It’s been over 49 years since the U.S. Supreme Court decided Roe v. Wade, which established a constitutional right to abortion.
But decades later, the women who fought for that ruling are still screaming to be heard. And they are fearful for what the recently leaked draft opinion from the Supreme Court, which showed a a majority of the court privately voted to overturn Roe, will mean for the future of women’s rights in the U.S.
“I remember when the decision was made for birth control, let alone for abortion,” said Beverly Cooper, who was 26 when Roe v. Wade was decided in 1973. “And so I’ve lived in times, and I never imagined I’d be living in a time like this. Never would I have thought this would be my future.”
Cooper was one of about 2,500 people who protested Saturday at the Utah Capitol as a part of Planned Parenthood of Utah’s “Bans Off Our Beehive” rally. Salt Lake City’s protest was accompanied by two others in Utah — in Park City and Ogden — and others across the country for a planned national day of action for abortion rights.
Cooper said the recent amount of youth support she’s seen for abortion rights is what makes recent efforts different from those in the 1960s and ‘70s. And even at 75, she said she doesn’t have a choice but to keep fighting.
“We’ve been trying to figure out how to organize young people for years — I’m sorry it took this, but I’m so glad to see them here. And men — men! Oh my gosh,” Cooper said.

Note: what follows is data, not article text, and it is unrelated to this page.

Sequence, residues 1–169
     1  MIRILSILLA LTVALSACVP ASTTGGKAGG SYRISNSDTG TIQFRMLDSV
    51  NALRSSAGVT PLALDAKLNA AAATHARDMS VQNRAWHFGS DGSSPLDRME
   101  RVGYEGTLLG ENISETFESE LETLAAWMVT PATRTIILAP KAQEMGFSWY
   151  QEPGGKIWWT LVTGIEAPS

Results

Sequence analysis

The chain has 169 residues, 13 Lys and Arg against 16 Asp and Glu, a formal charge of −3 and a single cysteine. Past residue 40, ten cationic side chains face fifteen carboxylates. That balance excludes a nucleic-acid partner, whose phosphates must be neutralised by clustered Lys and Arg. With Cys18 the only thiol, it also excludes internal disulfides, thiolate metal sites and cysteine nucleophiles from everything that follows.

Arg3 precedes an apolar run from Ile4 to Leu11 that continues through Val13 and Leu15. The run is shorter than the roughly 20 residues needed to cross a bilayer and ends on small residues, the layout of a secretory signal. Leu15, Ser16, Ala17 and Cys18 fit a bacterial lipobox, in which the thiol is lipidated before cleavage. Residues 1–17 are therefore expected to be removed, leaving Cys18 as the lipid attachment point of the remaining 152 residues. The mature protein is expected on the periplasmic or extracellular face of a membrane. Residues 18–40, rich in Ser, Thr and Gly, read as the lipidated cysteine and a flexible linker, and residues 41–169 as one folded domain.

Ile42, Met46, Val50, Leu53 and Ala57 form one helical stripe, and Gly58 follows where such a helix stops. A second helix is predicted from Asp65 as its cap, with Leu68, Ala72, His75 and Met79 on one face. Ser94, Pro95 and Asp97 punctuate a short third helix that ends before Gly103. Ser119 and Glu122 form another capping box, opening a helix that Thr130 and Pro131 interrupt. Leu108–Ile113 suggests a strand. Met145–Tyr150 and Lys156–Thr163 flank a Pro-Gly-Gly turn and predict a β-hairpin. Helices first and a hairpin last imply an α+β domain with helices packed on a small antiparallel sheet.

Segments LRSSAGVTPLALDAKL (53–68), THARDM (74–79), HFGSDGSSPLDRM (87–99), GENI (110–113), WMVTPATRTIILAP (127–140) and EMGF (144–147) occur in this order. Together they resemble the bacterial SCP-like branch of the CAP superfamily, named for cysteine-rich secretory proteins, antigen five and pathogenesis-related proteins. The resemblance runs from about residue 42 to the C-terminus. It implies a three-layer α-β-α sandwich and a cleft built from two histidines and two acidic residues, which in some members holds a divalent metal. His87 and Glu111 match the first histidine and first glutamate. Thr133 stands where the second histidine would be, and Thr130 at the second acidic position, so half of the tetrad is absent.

“As I don’t have decision powers over my body, I’m still not considered fully human in this United States,” Cooper continued. “And that’s what I fought for, is ‘I’m a person. Recognize it.’”
Klancy de Nevers was 40 when the ruling was first announced in 1973. She had three children at the time, two of them daughters, and remembered being happy that abortion rights were finally protected.
Now, she’s scared that contraception will be legislators’ next target — and she believes women may need to start fighting back more radically by banning men from their beds until women’s reproductive rights are protected.
“I can’t believe that we are having to go through this all over again,” de Nevers said. “I can’t believe it.”
Many are worried that if Roe is overturned, marginalized women will be those who are affected first.
In 2020, Utah passed a trigger law which would ban elective abortions and another outlawing the procedure except in limited circumstances if Roe is overturned. The law could, potentially, take effect on the same day as the Supreme Court’s ruling if certified by the Legislature’s general counsel.
Then, the nearest states that would still allow abortions would be Colorado, Nevada and New Mexico — leaving behind women without the ability to acquire transportation and take time from work to travel for the procedure.
“It’s an equality issue for women,” said Nan Sturgeom, who was 23 at the time of the Roe ruling. “If abortion is canceled, it will affect women in poverty more than anybody else — so it’s really not fair.”
At 28, Natalie Pinkney wasn’t a part of the efforts for abortion rights almost half a century ago. But she’s heartbroken the women who fought so hard before her are having to fight yet again.
“How long did it take us to fight for that?” said Pinkney, who organized Saturday’s rally and serves as vice chair of the South Salt Lake City Council. “And I think about the other rights that were impacted — for me, I really think about how long did it take for Brown vs. Board of Education, the 13th Amendment, for women to have the right to vote? We have to continue to fight for this.
“Seeing the women who’ve been here from literally before, after and now, it is bittersweet, because in a way we have a direction,” Pinkney said, “But we also know that in your lifetime, it could be night and day, on what can switch.”